Though technology gives individuals the freedom to develop their own solutions, popular software products/services determine the patterns or features that are being developed. Hence camera software developed by companies like Canon, Nikon, Apple, Samsung, Microsoft etc. hegemonize the industry. They are constantly working to converge the single purpose digital camera into a smart phone. Therefore, I would argue that these global camera and software manufacturers influence the way visual cultural practices are being shaped across the world. Unlike a film photograph, digital photographs from a certain model of camera would have certain sameness. A photograph developed on film with same model of camera would not have the sameness since, the chemicals used to develop and paper used to print the photographs would vary from one place to another. With a given model of the camera the film being used varies. Similarly, when a film is being developed the nature of chemicals also varies. And later when the film is developed into a print the kind of paper and ink will differ. It is almost as if each photograph on a film or print is unique. However, certain camera/camera phone model, will always produce same result each time. If two identical digital cameras are used side by side the results produced will be same. This sameness in a digital photograph, I would argue is a result of the algorithmic discourse that persists in the system. I would define algorithmic discourse as a series of events that attempts to achieve the same result for a given set of conditions, by repeating a finite number of steps with precision. Though developing a film also involves repeating the same number of steps the external conditions or the precisions cannot be repeated everytime, it does not behave algorithmically. Therefore, I believe algorithmic discourse can be considered as blinkers that restricts our visions.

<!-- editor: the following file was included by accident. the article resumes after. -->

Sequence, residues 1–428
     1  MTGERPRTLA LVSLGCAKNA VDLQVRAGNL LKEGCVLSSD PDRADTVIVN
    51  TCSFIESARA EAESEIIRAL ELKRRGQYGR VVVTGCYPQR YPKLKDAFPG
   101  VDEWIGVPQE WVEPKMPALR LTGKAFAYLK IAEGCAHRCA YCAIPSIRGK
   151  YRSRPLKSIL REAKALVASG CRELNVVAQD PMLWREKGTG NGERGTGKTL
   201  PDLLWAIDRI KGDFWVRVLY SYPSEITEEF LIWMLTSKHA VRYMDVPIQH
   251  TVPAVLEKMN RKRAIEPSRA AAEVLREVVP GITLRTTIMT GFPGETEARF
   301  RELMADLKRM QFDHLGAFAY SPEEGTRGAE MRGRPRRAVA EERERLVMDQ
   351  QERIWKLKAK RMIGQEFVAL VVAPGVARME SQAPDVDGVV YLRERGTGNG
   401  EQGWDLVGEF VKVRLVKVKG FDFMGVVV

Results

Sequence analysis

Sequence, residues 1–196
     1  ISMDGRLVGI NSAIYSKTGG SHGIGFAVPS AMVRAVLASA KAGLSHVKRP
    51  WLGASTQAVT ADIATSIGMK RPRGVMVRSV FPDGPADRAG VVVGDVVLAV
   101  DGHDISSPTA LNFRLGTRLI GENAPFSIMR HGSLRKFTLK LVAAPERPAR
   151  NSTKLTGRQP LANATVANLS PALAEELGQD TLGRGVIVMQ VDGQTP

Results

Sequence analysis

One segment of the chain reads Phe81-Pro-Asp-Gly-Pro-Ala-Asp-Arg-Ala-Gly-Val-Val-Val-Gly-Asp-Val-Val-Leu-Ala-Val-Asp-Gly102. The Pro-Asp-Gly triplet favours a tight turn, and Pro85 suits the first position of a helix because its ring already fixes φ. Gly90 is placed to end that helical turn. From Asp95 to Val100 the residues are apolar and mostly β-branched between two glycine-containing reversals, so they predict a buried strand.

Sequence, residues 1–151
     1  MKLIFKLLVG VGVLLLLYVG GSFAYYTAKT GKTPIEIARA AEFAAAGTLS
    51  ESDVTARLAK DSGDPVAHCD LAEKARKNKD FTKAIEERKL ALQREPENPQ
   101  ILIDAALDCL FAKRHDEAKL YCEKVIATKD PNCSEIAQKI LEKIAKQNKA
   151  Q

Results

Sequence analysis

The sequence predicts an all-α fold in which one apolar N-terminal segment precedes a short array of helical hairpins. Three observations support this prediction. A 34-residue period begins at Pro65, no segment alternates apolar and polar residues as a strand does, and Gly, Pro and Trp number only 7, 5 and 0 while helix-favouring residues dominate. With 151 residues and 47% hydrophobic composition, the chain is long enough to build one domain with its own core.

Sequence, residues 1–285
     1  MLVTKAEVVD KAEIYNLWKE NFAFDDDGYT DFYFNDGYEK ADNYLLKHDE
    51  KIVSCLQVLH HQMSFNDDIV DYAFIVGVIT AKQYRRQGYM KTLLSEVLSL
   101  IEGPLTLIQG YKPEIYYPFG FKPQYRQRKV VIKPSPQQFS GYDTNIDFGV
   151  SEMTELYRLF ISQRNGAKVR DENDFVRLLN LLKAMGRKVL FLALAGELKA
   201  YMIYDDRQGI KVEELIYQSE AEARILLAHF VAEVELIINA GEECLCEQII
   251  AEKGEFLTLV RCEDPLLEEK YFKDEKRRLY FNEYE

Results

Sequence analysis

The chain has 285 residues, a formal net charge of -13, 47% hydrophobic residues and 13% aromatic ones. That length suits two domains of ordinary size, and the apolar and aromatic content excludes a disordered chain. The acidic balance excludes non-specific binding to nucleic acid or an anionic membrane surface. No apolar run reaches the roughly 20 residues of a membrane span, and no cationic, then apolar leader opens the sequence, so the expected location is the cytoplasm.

In digital photography unlike the chemical reaction on incidence of light, light incident on a sensor (a semiconductor device) is captured and translated into zeros and ones (rather, the light is captured as an electronic signal which is represented with these arbitrary values). As Hansen (2001:60) notes, “The digital image has only an ‘electronic underside’ which ‘cannot be rendered visible’ precisely because it is entirely without correlation to any perceptual recoding that might involve human vision”.
The electronic/binary data has to be recoded back into a representation that is recognizable to human vision. Computer vision achieves this by passing the binary information through a series of steps so that the binary information can be transformed back to seem like a natural scene on the display. Perception is disembodied into a device (Hansen 2001) through the automated vision achieved in digital camera assemblage (receiving light at the sensor and displaying on a screen), whilst producing ‘an acceptance semblance of reality’ (Goldsmith 1979 cited in Manovich 2001:171).
In automated vision, the sensor is made up of units called pixels. Light incident on each pixel is saved as binary information into a storage unit designated as a pixel. Information for each pixel is processed through a series of algorithms before they are represented on a screen constituted of pixels. The algorithmic process is crucial since the light captured on the sensor has to be transformed into a form that can be emitted through the screen. “Algorithms take many forms, and no digital camera or computer-based viewing system would be complete without them” (Uricchio 2011: 31). Algorithms are a sequence of steps where the pixel is subject to a mathematical function and a numerical value is assigned to it. The pixel is processed by several algorithms. The decisions of photographic parameters are mapped mathematically in the form of algorithms, and are applied to all the pixels. The decision-making mechanisms are embedded into the device. If one is using a camera in automatic mode, the camera determines all the parameters for the user. In manual mode, the device adapts to the exposure, white balance, metering determined by the user, nonetheless algorithms function here as well. While algorithms that control exposure can be experienced through the interface, there are several other algorithms that run behind the scene to enable the computer vision. Therefore, it is almost as if an algorithmic discourse determines what we can see and capture through the screen of a digital camera.
Edge Detection Algorithm